After our 100th viewing of the cinematic classic “Snakes on a Plane” a few days ago, we came to a startling revelation: It would really suck if legendary actor Samuel L. Jackson was your dad. While we certainly think  he is one seriously cool dude, we decided to come up with what we think would be the biggest downsides to having such a bad-ass dad.

1) Having a pet snake would be a no-go.






2) You would probably be forced to watch all of the Star Wars Prequels.






3) You might get shot for saying “What?” one too many times.






4) Your teachers just haven’t been the same since the PTA meeting.






5) Let’s put it this way, your little sister’s first word isn’t going to be “dada”.






If you have other reasons to be glad Samuel L. Jackson is not your dad, be sure to add them in the comment section!

Friday the 13th on Sporcle

If you’re reading this blog post and you’ve been on edge today, you might be one of the many people with paraskevidekatriaphobia, or rather, an unnatural fear or phobia of Friday the 13th.  Don’t worry, you’re not alone! Friday the 13th is a day that captivates many imaginations and locks into our superstitious fears, no matter who you are or where you are in the world. While its origins remain unclear, and a quick Google search will pull up millions of theories, one thing is sure: more people are superstitious towards this day than any other. It might have something to do with the unfortunate combination of the unlucky number 13 and the unlucky day of Friday (just a hunch),or the fact that we tend to pay more attention to misfortune on this day more than any other. Spilled coffee on Tuesday the 10th is just inconvenient, but spilled coffee on Friday the 13th carries the inevitable foreshadowing of doom and misfortune.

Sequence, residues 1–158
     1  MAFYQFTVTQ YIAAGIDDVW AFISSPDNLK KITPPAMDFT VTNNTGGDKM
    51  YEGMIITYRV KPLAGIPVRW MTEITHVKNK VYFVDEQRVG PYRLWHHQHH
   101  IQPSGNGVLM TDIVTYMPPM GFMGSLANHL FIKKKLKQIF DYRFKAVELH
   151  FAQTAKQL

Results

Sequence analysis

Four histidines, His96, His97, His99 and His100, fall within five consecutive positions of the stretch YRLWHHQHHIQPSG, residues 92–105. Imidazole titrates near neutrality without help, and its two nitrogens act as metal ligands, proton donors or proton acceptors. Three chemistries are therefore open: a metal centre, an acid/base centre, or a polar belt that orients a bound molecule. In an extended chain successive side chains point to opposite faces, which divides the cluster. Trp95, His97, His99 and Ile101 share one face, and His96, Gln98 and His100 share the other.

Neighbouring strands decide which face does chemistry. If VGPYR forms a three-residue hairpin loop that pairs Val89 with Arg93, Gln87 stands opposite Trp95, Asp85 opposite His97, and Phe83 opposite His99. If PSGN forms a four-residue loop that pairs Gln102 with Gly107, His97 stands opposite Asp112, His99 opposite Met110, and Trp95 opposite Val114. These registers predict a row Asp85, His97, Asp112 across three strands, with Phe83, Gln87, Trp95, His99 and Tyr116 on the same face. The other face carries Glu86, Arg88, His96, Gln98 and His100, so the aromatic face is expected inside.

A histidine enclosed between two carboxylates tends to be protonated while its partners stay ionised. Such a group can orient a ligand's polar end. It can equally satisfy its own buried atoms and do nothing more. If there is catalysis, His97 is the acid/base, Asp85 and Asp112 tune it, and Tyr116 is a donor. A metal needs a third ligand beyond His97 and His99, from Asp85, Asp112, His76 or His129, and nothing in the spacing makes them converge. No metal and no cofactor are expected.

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When You Wish Upon a Star (Make sure it’s not being eaten.)

This article has made Sheldon very nervous.

No matter what you were doing March 28th, your day couldn’t have been as bad as a star in a distant galaxy that was recently eaten (EATEN!?) by a black hole.  I mean think about it this way, you’re just some awesome star, radiantly shining in the galaxy, minding your own business, and then you aren’t.

On that day Nasa’s Swift satellite captured footage of a gamma-ray blast (dubbed Sw 1644+57), that was brighter and has lasted longer than any other similar flashes ever seen by scientists. How bright? Oh, about the equal to a hundred billion of our own suns. I don’t think anyone makes sunglasses that can match that yet.  They believe the burst of light occurred the moment when the black hole began to wrap its tendrils around the star, about the size of our sun, slowly sucking it in another galaxy 3.8 billion light years away. While the star is slowly being ripped apart, energy is continuously being released. The show is still going on two and a half months later because, apparently, this black hole likes to play with its food.

The actual paper was published in Science , although if you’re like me and don’t understand astronomical terms very well – National Geographic has a good article summarizing it.

Scientists claim that events like this only occur every now and then, so we’re pretty much safe from this kind of phenomenon (Though 2012 is coming up…). If you’re like us, this whole article has probably left you intrigued (and a little hungry), so check out some related Sporcle quizzes below: